A.J. Clark is president of Thermopylae, a leader in geospatial mapping technology, allowing organizations to harness, visualize and make sense big data they already have, using Google maps as a platform, and was named Google Enterprise Global Partner of the Year 2013 for Google Maps. He can be reached at [email protected].
Deeper Dive On…Nordstrom
Nordstrom Inc. has become the first retailer to launch the Like2Buy platform, which allows Nordstrom.com customers to directly purchase items featured on the retailer’s Instagram page. The commerce-enablement of visually oriented social platforms, such as Instagram, Pinterest and Vine, is an inevitable development as social media becomes more focused on photos and videos and less on text. The preference most Millennials have for visually oriented social media reinforces the value that commerce enabling these platforms has for retailers.
However, Nordstrom’s Like2Buy rollout has a couple of interesting wrinkles. As previously covered in “Deeper Dive,” both Facebook and Twitter are tinkering with their own direct e-commerce functionality, while to date Instagram can only be directly enabled for e-commerce via third-party solution. But considering Instagram is owned by Facebook, it is presumably a matter of time before this changes.
In addition, it is interesting that a retailer targeting an older, more established base such as Nordstrom is pioneering Instagram e-commerce, as opposed to a more youth-oriented retailer. But Nordstrom has also been in pioneer in tying Pinterest to the in-store shopping experience, so perhaps it is indicative of a broader willingness to innovate in the social/omnichannel space.
An offer Family Dollar can’t refuse
The Family Dollar board is under new pressure to walk away from a deal with Dollar Tree after Dollar General further increased an already more generous counter offer.
Early Monday Dollar General increased its all cash offer to $80 a share from $78.50 a share and increased the number of stores it said it would be willing to divest to 1,500 from 700. The company also said it would be willing to pay Family Dollar a $500 million reverse break-up if the deal failed to secure antitrust clearance.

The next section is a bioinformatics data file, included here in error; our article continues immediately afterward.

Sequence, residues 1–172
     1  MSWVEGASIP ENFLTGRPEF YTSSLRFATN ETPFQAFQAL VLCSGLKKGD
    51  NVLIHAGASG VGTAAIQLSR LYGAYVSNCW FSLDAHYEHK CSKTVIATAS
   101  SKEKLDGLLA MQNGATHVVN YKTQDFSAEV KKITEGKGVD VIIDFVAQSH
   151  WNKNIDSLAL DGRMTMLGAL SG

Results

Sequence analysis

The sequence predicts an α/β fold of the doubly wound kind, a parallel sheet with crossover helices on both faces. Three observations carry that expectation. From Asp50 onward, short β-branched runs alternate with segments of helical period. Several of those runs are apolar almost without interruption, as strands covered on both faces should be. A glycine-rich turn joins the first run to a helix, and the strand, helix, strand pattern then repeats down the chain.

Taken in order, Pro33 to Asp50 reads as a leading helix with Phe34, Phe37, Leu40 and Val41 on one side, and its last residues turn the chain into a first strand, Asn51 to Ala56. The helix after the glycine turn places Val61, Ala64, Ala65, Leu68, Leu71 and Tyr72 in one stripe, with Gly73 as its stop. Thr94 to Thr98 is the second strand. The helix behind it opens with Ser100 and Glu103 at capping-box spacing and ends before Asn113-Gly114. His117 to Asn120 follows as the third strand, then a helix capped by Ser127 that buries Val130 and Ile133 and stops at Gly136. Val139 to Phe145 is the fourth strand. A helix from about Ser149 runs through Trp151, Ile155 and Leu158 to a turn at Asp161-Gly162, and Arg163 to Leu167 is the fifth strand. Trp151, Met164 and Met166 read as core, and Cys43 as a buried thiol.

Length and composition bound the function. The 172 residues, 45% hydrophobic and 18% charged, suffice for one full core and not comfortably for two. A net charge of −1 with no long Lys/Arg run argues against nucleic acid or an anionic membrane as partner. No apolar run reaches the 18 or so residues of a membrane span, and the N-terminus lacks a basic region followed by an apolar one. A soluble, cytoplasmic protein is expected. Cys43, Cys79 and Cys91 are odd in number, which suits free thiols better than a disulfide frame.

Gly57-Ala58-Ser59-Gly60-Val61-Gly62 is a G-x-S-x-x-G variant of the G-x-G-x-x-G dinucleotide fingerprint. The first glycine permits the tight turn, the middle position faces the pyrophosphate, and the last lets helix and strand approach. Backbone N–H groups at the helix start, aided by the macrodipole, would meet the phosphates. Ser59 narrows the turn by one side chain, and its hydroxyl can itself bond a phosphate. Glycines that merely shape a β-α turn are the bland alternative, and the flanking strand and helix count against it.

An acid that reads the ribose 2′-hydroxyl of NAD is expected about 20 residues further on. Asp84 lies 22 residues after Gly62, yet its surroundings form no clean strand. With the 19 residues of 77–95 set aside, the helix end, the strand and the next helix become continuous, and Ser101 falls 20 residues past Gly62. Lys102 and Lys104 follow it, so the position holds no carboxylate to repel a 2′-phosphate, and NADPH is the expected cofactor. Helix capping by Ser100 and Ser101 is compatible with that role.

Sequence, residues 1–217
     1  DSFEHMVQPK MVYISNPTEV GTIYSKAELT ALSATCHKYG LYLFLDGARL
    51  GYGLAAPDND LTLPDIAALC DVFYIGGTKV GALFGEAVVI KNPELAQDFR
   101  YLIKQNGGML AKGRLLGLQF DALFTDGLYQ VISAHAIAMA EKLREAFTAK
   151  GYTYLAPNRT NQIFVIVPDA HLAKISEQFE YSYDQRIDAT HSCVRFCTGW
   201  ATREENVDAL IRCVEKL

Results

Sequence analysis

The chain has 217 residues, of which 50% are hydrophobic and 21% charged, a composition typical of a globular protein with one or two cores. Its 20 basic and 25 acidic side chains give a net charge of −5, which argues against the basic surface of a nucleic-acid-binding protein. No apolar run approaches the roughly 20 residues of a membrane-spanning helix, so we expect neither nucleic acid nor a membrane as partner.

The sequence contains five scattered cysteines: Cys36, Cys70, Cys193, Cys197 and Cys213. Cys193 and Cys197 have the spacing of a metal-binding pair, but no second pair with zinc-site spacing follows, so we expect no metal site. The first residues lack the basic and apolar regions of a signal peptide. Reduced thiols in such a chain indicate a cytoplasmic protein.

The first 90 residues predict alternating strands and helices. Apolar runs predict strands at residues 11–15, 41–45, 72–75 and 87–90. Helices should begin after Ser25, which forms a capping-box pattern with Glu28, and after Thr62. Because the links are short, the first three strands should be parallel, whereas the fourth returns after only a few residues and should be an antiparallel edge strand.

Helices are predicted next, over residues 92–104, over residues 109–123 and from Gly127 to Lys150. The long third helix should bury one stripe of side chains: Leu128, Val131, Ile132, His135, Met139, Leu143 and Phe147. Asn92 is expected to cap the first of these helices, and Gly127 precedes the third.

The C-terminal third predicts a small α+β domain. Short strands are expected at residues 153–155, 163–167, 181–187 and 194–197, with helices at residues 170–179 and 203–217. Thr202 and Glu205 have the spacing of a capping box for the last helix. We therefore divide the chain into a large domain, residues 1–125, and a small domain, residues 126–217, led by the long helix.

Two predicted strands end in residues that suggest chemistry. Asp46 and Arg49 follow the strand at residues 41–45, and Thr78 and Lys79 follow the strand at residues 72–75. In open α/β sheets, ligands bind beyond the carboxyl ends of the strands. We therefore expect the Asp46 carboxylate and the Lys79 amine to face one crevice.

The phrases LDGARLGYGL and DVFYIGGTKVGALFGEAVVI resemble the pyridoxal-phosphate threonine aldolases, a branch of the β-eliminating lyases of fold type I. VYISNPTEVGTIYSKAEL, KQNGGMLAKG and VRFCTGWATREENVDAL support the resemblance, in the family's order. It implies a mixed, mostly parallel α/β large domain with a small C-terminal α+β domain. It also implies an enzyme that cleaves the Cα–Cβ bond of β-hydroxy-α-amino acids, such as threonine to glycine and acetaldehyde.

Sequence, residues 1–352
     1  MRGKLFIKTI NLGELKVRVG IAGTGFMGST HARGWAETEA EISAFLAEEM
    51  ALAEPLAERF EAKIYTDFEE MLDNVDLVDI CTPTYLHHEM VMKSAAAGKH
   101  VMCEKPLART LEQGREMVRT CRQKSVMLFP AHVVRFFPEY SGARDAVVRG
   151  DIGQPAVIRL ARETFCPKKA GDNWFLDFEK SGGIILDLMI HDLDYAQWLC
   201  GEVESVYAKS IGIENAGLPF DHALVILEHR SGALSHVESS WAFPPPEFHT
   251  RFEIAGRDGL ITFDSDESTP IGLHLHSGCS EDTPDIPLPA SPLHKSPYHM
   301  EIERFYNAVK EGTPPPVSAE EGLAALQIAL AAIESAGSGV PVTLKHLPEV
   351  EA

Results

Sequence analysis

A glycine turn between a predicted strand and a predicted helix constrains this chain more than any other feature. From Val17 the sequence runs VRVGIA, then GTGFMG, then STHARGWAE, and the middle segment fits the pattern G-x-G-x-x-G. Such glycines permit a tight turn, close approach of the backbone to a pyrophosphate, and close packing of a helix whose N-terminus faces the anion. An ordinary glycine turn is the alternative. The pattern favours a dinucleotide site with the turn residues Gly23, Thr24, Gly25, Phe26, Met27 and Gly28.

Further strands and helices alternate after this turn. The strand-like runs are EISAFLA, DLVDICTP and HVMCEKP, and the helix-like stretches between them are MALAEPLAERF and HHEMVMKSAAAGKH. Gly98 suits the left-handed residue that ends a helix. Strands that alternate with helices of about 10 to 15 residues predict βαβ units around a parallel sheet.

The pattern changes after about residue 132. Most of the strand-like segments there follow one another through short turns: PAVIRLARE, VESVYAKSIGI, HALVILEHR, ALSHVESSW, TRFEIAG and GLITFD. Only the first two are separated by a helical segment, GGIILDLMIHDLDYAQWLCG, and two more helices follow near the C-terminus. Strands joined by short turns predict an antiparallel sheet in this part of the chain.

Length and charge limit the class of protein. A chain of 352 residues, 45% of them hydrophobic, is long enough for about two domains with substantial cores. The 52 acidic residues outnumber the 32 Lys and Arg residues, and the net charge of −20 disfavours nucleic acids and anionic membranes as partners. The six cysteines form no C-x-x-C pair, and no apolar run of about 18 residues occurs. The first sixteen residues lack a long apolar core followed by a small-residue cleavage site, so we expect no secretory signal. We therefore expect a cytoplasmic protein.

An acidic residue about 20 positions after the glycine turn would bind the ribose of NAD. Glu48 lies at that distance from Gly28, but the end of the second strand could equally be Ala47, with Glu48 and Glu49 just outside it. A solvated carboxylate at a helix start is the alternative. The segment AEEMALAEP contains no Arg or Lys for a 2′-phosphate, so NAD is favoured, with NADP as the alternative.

Family Dollar already has an acquisition deal in place with Dollar Tree for $74.50 a share, consisting of $59.60 in cash and $14.90 in Dollar Tree shares. While Dollar General’s initial proposal was richer and all cash, concerns surfaced that regulatory approval could be an issue even though Dollar General indicated it would divest up to 700 locations.
“We are confident that our enhanced proposal sufficiently addresses any concerns that led Family Dollar’s board of directors to reject our prior proposal without any discussions between our companies,” said Rick Dreiling, Dollar General’s chairman and CEO. “Even as a secondary antitrust review supported our previous proposal, we revised our offer to demonstrate the seriousness of our commitment. Our revised proposal provides Family Dollar shareholders with significantly increased value over the existing agreement with Dollar Tree, as well as immediate and certain liquidity for their shares. If the Family Dollar Board fails to seize this opportunity to maximize value for its shareholders, we will consider taking our superior proposal directly to the Family Dollar shareholders.”
Dollar General believed its earlier 700 store divestiture commitment would have been sufficient to clear any review by the Federal Trade Commission and suggested those analyzing the deal on behalf of Family Dollar are using a flawed methodology.
“Perhaps Family Dollar’s advisors are analyzing this transaction as if it were a potential grocery store merger or utilizing data that tells a story much different than Dollar General's documents and data,” according to a Dollar General statement. “Dollar General is confident that this matter would not be evaluated as a traditional grocery store merger and that, as the acquirer, Dollar General’s documents and data would be more important to the FTC in its analysis than those of Family Dollar.”
Those documents indicate that Dollar General is more concerned about competition from Walmart than Family Dollar and it makes pricing decisions accordingly.
In a letter to the Family Dollar board, Dreiling expressed disappointment that the Dollar General’s earlier bid was rejected without any conversations but said the company was committed to the deal. The company took the added measure of engaging Richard Feinstein of Boies, Schiller & Flexner to independently review the company’s earlier antitrust analysis. Feinstein led the FTCS Bureau of Competition until 2013 and determined the deal can be completed on the company’s initial terms.
“We look forward to the time when our companies and their advisors are able to discuss these matters more openly with one another once you have taken the appropriate steps under your existing merger agreement to allow that to happen,” Dreiling said. “Only by engaging with us can you ensure that you have fulfilled your duty to your shareholders to be well-informed and that you have acted in the best interests of your shareholders to maximize the value of their shares.”